Perhaps I am speaking a bit prematurely, but it is already approaching late morning on the U.S. east coast and it is shaping up to be a largely drama-free Thanksgiving travel day. What a difference a year makes.
Thanksgiving Travel Meltdown Is Avoided
Last year, Delta Air Lines stranded thousands of passengers after cancelling hundreds of flights due a pilot training backlog. This year, Delta has not registered a single flight cancellation thus far on Thanksgiving Day and cancelled only four flights yesterday.
The larger concern was from American Airlines and Southwest Airlines, but both carriers also seem to be avoiding the holiday meltdowns many feared.
Yesterday, American Airlines cancelled 40 flights and delayed 432 flights. As of 10:30AM ET on Thanksgiving, it has cancelled 26 flights and delayed 82 flights. That’s not ideal, but hardly a meltdown.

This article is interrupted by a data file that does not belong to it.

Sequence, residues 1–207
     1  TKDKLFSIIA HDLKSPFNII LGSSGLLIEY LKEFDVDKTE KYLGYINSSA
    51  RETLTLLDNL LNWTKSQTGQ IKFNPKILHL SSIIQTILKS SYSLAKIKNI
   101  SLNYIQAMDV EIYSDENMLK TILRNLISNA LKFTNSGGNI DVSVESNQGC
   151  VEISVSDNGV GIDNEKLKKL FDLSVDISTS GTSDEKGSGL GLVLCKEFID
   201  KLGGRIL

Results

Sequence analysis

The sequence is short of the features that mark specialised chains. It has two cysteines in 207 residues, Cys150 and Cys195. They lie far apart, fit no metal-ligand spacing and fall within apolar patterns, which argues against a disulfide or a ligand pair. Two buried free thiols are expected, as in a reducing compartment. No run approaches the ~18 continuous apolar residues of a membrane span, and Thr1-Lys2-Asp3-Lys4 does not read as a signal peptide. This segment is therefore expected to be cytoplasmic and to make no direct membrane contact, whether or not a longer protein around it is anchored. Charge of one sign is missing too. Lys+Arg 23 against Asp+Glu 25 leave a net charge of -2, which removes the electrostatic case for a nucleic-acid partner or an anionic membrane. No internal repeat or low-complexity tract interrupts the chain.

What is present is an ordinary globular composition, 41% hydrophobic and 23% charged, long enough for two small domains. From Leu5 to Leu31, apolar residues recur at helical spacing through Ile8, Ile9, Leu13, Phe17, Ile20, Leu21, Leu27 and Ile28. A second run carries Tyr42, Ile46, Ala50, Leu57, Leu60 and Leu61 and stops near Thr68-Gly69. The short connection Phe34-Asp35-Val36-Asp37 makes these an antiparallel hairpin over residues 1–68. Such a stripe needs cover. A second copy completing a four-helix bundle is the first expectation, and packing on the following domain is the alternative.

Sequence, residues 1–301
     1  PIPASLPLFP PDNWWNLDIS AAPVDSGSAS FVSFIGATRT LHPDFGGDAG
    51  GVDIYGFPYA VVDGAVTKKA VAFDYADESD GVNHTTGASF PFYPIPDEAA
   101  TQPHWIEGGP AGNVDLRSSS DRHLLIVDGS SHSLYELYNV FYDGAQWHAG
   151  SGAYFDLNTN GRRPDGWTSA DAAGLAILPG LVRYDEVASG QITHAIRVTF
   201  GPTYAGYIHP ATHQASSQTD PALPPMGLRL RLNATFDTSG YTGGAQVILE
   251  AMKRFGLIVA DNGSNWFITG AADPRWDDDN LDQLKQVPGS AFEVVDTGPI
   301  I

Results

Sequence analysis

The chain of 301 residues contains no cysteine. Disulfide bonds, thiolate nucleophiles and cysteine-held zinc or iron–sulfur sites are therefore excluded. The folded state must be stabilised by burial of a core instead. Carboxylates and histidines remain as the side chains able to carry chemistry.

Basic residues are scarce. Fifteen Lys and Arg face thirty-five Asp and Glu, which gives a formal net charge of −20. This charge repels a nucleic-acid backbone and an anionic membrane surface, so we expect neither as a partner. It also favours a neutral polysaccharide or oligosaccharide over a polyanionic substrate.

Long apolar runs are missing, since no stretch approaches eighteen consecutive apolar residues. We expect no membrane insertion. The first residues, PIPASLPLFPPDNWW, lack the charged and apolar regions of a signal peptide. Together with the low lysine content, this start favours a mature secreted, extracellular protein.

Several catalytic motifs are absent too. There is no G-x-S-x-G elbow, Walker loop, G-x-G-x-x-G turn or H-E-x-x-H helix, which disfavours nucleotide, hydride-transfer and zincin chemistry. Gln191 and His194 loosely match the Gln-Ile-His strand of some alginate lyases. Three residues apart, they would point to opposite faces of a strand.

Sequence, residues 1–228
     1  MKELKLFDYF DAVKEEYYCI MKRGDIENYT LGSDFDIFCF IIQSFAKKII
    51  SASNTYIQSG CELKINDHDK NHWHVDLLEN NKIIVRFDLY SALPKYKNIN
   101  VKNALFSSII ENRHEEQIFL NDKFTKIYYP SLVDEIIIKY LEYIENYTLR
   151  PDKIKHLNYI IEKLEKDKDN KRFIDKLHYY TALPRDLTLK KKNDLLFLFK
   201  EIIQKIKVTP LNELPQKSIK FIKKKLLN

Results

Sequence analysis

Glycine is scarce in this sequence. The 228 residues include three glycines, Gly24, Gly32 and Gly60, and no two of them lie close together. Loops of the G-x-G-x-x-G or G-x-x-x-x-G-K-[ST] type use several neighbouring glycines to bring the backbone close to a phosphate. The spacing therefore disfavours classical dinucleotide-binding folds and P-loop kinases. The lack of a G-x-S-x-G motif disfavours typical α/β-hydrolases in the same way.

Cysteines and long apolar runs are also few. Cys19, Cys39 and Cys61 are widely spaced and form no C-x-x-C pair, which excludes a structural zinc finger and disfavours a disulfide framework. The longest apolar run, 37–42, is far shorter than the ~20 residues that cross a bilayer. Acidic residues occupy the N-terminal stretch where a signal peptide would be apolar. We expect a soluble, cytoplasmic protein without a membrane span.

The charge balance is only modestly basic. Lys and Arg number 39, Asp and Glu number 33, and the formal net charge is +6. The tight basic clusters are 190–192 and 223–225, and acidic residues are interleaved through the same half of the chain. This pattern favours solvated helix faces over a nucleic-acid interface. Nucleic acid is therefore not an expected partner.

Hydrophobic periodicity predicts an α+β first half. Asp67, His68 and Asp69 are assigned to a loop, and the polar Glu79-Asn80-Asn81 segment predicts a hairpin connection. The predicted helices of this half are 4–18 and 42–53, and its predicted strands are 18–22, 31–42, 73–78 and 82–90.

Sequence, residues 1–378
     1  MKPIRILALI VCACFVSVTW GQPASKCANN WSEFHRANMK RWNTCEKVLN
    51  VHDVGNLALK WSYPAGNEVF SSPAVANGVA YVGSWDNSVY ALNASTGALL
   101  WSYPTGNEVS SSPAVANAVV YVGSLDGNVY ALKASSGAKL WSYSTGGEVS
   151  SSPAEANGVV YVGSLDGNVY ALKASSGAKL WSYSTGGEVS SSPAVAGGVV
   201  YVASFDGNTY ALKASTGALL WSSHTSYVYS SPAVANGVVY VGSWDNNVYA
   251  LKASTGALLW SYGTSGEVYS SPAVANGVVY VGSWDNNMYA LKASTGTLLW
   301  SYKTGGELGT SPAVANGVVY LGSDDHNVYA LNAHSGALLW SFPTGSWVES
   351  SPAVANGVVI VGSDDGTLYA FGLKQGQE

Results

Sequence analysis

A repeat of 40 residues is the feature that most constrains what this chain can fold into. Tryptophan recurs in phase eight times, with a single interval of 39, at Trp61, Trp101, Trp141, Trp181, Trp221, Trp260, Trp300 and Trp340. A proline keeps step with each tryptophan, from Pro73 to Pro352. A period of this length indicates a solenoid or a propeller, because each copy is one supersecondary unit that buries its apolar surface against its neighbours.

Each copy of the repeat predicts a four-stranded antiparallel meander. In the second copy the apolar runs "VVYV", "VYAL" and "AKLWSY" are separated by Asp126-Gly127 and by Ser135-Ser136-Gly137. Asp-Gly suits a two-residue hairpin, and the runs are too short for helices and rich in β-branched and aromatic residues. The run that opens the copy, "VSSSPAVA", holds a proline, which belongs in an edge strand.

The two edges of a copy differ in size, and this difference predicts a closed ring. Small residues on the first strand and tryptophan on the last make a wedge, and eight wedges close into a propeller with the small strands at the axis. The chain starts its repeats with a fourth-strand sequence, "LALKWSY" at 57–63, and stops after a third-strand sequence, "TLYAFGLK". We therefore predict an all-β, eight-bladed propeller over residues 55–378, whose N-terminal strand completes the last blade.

Meanwhile, Southwest Airlines cancelled only two flights while delaying 444 flights yesterday, about 11% of its schedule. Thus far, it has not cancelled any flights today.
There was also fear that the Transportation Security Administration would be severely understaffed due to thousands of employees who refused to get the COVID-19 vaccine being placed on leave. That also failed to materialize. While up to 40% of TSA staff were thought to be unvaccinated as the November vaccination deadline approached, by the November 22nd deadline the TSA reported 93% are in compliance (which means those employees have either been vaccinated or requested an exemption).
The weather is also largely cooperating today, with cold weather and gusty winds hitting parts of the midwest, but an otherwise storm-free outlook. The only potential rain in the forecast is showers in Seattle as well as a column of rain stretching from the Great Lakes to Texas.
After a number of meltdowns, good weather and preventive staffing have helped U.S. airlines run a much smoother operation this week. Fears of mass cancellations and snaking security lines have not materialized and Thanksgiving travel in 2021 is shaping up to be one of the smoothest on record.
image: National Weather Service